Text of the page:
Philippe Cubry et al., The Rise and Fall of African Rice Cultivation Revealed by Analysis of 246 New Genomes. Current Biology (2018), preprint, 1–9. <DOI:10.1016/j.cub.2018.05.066>.
Philippe Cubry, Christine Tranchant-Dubreuil, Anne-Céline Thuillet, Cécile Monat, Marie-Noelle Ndjiondjop, Karine Labadie, Corinne Cruaud, Stefan Engelen, Nora Scarcelli, Bénédicte Rhoné, Concetta Burgarella, Christian Dupuy, Pierre Larmande, Patrick Wincker, Olivier François, François Sabot & Yves Vigouroux
African rice (Oryza glaberrima) was domesticated independently from Asian rice. The geographical origin of its domestication remains elusive. Using 246 new whole-genome sequences, we inferred the cradle of its domestication to be in the Inner Niger Delta. Domestication was preceded by a sharp decline of most wild populations that started more than 10,000 years ago. The wild population collapse occurred during the drying of the Sahara. This finding supports the hypothesis that depletion of wild resources in the Sahara triggered African rice domestication. African rice cultivation strongly expanded 2,000 years ago. During the last 5 centuries, a sharp decline of its cultivation coincided with the introduction of Asian rice in Africa. A gene, PROG1, associated with an erect plant architecture phenotype, showed convergent selection in two rice cultivated species, Oryza glaberrima from Africa and Oryza sativa from Asia. In contrast, a shattering gene, SH5, showed selection signature during African rice domestication, but not during Asian rice domestication. Overall, our genomic data revealed a complex history of African rice domestication influenced by important climatic changes in the Saharan area, by the expansion of African agricultural society, and by recent replacement by another domesticated species.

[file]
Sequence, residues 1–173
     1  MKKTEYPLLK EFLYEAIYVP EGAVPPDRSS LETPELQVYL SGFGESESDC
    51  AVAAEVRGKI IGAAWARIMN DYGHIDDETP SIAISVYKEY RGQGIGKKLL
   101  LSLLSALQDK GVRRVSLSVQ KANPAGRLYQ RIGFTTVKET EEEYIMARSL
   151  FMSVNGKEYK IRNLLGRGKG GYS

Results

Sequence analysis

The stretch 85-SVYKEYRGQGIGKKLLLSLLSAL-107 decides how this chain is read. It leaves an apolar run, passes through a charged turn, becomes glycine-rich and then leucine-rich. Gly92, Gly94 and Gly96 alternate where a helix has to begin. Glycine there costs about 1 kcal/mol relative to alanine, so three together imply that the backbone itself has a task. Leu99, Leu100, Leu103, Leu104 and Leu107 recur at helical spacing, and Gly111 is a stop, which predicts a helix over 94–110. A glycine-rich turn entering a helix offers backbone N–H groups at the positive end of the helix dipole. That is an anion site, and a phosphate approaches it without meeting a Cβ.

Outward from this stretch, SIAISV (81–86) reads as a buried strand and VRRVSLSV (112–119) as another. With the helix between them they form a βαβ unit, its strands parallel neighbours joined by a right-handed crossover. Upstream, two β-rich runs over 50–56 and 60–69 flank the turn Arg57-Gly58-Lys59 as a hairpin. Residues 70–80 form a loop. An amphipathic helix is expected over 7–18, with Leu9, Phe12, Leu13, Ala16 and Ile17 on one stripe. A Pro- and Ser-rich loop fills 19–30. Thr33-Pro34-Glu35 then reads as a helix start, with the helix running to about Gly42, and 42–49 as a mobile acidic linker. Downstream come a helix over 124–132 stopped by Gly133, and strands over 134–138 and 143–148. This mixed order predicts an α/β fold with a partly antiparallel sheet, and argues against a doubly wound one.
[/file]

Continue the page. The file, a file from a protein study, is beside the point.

- We report the largest genomic dataset for African rice and its wild relative
- We infer the origin of African rice domestication in Northern Mali
- Rice domestication is associated with depletion of wild rice populations
- Convergent selection occurred during African and Asian rice domestications
In Brief: The study of domestication provides insights about where and how major cultural transitions to agriculture have arisen. In this study, Cubry et al. document African rice (Oryza glaberrima) domestication, pinpointing its origin to the region of the Inner Niger Delta. A recent reduction of African rice cultivation is also evident.
E. Maier et al., North Pacific freshwater events linked to changes in glacial ocean circulation. nature 559 (2018), 241–245.
E. Maier, X. Zhang, A. Abelmann, R. Gersonde, S. Mulitza, M. Werner, M. Méheust, J. Ren, B. Chapligin, H. Meyer, R. Stein, R. Tiedemann & G. Lohmann